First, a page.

Canada: War on HIV Has Changed Since Terrible '80s
April 18, 2006
HIV Network of Edmonton is today a different agency than when it was formed by gay activists in 1984. The men who gathered around a kitchen table at that time to create a committee called the AIDS Network of Edmonton were responding to the city's first diagnosed AIDS case. They began drafting a plan to educate gay men about the disease and provide care and support for those who were infected.
"AIDS moved very swiftly then," said founding member Walter Cavalieri. The group spent most of 1985 looking to establish a permanent office, while volunteers photocopied information pamphlets to pass out in bars and faced the grim task of planning funerals. By mid-1986, Alberta had recorded 36 AIDS cases, including 25 from Calgary, seven from Edmonton and the rest from other towns, and 24 deaths.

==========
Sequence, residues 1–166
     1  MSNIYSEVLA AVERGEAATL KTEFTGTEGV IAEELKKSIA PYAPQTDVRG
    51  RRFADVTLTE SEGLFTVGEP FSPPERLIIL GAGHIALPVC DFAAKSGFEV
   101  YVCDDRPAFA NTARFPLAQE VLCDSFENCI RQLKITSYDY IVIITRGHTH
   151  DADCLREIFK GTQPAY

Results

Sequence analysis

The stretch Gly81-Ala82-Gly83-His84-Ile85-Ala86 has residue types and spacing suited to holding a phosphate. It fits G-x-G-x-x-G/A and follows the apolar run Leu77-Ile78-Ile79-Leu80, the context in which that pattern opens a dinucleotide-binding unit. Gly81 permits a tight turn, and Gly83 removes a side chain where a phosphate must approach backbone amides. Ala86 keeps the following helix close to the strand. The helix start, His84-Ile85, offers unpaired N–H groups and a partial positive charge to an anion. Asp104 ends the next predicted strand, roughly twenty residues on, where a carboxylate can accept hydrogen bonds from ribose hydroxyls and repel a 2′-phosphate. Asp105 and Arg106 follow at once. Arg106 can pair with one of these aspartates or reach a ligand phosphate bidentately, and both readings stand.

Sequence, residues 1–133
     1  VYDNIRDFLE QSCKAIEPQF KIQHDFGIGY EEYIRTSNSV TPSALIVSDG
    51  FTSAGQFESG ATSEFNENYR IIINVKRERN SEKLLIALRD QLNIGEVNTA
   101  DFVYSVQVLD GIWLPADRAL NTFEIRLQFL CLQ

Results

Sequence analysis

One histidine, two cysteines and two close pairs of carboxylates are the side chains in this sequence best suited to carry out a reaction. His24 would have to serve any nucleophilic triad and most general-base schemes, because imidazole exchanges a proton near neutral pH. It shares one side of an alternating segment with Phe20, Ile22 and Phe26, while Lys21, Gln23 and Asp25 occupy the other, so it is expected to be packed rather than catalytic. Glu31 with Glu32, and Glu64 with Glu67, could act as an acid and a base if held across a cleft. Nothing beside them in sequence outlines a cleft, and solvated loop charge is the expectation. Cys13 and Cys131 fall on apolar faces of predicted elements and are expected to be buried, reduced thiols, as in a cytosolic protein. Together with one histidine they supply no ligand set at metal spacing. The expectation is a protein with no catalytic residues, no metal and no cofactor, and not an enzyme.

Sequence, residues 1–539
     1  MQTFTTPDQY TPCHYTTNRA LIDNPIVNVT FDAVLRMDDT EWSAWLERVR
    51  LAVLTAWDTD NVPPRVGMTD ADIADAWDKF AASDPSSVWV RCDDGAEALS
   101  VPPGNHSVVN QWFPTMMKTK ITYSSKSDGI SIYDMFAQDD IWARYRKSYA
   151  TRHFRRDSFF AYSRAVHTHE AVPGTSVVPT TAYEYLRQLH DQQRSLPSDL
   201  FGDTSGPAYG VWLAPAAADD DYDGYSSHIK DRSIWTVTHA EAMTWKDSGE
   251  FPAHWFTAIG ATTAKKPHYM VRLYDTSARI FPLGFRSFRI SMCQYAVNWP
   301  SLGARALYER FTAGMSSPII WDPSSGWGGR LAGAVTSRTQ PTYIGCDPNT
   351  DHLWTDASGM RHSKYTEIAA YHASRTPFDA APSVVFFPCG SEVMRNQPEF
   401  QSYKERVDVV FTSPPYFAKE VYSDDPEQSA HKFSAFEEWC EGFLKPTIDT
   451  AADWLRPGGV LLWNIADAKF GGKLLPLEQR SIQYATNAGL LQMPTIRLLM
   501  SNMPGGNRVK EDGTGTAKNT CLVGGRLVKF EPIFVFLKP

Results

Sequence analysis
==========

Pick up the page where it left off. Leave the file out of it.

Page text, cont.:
The arrival of antiretroviral drugs in the mid-1990s changed everything, turning the fatal disease into an incurable chronic condition. "We had just gotten a big grant to train people to go into people's homes and help them die with dignity, and then poof, antiretrovirals," said Deborah Jacubec, HIV Edmonton's executive director. Eventually, the agency changed its focus to HIV, and to reflect that, its name.
HIV Edmonton's challenge now is to reach clients from disparate groups, such as women, IV drug users, aboriginals in high-risk lifestyles and immigrants from AIDS-endemic countries. While some clients die of AIDS, most do not. Yet, HIV-positive people still struggle with numerous problems, including discrimination and stigma, and HIV Edmonton continues to assist them, said Jacubec.
04.15.06; Susan Ruttan
This article was provided by CDC National Prevention Information Network. It is a part of the publication CDC HIV/Hepatitis/STD/TB Prevention News Update.